Letter | Published:

Two-dimensional reconstructions from one-dimensional data by maximum entropy

Nature volume 301, pages 134136 (13 January 1983) | Download Citation

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Abstract

The maximum entropy method (MEM) is a powerful information–theoretical approach to the inversion of many types of data in science and engineering. It has been used for reconstructing images in such areas as radioastronomy1,2, medical tomography3 and crystallography4. Practical data are always corrupted by noise and are usually incomplete: for example, there may be missing projections or missing Fourier components. Also, the instrumental response function may be incompletely known5. These factors can lead to severely ill-posed inverse problems. The method is used here in a novel technique for analysing time-series data representing a set of non-interacting damped oscillators. The time series is simultaneously analysed in both frequency and decay to obtain positive two-dimensional reconstructions on the frequency–decay plane. The method is shown to be superior to conventional techniques in that it allows frequency and decay information to be more reliably extracted from the data. Such data occur in areas such as Fourier transform nuclear magnetic resonance (FTNMR), which is used here as an example. In the FTNMR case the decay is the inverse of the effective spin–spin relaxation time.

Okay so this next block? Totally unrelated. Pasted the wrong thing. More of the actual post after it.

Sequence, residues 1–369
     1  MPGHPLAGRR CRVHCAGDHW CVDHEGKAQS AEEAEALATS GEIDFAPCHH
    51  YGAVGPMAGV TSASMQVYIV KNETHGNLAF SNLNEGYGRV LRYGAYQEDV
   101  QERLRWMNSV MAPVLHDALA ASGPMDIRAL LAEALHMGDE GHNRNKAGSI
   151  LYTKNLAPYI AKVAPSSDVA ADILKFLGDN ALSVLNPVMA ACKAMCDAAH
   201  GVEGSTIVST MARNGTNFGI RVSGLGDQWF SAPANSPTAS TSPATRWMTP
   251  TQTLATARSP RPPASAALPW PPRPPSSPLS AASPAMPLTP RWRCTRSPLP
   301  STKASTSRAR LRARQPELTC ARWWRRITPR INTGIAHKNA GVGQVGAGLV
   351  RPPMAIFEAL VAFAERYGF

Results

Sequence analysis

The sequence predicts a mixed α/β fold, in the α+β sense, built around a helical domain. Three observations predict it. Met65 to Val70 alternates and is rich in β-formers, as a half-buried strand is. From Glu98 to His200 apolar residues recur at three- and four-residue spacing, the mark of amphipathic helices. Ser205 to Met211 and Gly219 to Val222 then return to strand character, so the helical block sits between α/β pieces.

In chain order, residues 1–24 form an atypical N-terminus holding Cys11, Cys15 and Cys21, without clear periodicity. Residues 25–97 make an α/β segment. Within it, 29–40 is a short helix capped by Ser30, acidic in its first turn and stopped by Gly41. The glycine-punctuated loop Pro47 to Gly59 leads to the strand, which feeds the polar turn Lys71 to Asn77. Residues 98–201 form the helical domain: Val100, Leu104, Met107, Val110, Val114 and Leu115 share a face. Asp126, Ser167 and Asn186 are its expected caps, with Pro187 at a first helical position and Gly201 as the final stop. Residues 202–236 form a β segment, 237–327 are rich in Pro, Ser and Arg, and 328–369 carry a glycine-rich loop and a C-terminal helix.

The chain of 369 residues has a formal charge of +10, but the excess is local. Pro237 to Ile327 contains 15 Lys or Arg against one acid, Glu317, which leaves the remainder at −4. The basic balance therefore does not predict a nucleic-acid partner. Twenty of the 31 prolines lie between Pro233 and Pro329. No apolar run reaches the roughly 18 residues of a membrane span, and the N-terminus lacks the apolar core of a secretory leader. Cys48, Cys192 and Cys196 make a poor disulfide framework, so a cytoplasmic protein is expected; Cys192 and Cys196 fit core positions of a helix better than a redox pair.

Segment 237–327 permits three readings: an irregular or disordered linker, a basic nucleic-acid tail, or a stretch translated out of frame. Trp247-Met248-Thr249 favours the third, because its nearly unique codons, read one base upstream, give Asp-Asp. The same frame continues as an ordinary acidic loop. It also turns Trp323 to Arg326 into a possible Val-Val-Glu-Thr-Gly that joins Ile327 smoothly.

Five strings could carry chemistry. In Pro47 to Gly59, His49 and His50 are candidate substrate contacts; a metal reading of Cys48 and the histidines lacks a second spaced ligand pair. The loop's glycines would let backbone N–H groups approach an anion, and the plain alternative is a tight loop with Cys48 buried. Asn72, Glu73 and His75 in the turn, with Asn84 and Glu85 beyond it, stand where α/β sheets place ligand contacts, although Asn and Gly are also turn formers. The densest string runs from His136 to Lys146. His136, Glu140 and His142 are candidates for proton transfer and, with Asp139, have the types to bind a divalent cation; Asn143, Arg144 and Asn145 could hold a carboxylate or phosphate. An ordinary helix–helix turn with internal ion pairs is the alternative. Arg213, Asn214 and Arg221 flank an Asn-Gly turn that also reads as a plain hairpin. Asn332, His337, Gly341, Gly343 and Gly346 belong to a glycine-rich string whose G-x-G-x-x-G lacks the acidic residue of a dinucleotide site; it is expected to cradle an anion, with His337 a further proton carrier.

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Affiliations

  1. Department of Applied Mathematics and Theoretical Physics, University of Cambridge, Silver Street, Cambridge CB3 9EW, UK

    • Sibusiso Sibisi

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DOI

https://doi.org/10.1038/301134a0

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